New brands find ground: Supply shortage from known players push customers to experiment

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Published: June 22, 2020 2:38 PM

New brands have found ground in the past few weeks as absence of supply from known brands push customers to try out newer ones.

It is expected that there will be a shift in consumer behavior due to coronavirus pandemic and consumers will be less likely to spend more in the weeks to come.

New brands have found ground in the past few weeks as absence of supply from known brands push customers to try out newer ones. “In last few weeks over 60% of consumers tried new brands largely due to unavailability of regular ones,” consulting firm Kearney said in a report on Monday, adding that lower price options also drove sales for these companies. However, known players are now at risk of losing their customers as these experiment purchases may become permanent conversion. The key is to now ensure that the brands are able to justify or reaffirm the value offered for the pricing charged. This will not only help these companies to retain existing customers but will also help them attract new buyers.

It is expected that there will be a shift in consumer behavior due to coronavirus pandemic and consumers will be less likely to spend more in the weeks to come. While companies were earlier struggling with a demand slowdown, now, there are new issues to be resolved as well with coronavirus lockdown severely affecting supply chains. “The COVID-19 situation will bring significant changes in the industry dynamics both from demand as well as supply standpoint. There will be a significant impact on consumer buying habits — while some trends will continue as before, others will change dramatically,” Himanshu Bajaj, Partner and Head India, Consumer and Retail Practice for Kearney, said.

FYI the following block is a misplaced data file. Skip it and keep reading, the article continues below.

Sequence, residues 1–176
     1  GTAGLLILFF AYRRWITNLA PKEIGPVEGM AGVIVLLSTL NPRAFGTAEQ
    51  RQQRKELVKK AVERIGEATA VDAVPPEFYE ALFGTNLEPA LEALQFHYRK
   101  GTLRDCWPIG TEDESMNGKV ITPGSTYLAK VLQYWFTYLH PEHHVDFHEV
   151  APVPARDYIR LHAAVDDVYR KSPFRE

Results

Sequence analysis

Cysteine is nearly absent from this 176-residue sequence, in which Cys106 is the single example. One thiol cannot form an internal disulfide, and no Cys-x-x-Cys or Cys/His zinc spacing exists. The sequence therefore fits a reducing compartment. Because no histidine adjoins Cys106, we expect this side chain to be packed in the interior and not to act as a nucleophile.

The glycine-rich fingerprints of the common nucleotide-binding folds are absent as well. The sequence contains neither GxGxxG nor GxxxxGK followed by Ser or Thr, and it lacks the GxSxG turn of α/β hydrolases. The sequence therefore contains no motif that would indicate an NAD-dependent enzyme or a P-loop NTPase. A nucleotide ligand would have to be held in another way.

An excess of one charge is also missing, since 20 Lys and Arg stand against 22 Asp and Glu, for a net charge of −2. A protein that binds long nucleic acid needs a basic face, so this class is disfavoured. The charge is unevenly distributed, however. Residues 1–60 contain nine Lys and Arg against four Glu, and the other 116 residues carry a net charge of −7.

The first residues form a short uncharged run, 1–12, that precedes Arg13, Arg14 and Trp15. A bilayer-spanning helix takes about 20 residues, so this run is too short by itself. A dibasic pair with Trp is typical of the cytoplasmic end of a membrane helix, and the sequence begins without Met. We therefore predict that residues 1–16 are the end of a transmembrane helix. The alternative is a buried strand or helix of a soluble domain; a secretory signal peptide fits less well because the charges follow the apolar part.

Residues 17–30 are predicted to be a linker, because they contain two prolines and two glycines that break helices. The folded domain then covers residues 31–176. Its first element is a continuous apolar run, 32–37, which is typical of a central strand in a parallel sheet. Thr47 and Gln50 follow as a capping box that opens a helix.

In general, items related to health and hygiene are expected to gain prominence. The companies will now be required to cater to the rising demand for these products and work towards a strategy to adapt new normal. However, while ensuring that health and hygiene products are made available, companies will also need to make products affordable. “Companies that can position health branded products in the affordable, mild-premium range of 10 to 20% are likely to win in the new normal. More than 60% of consumers say they are willing to pay up to 20% more for healthier products,” the report said. Demand for items such as yogurt, high-protein dairy products, fresh juices, antibacterial personal care products and sterilizers are also expected to grow. 

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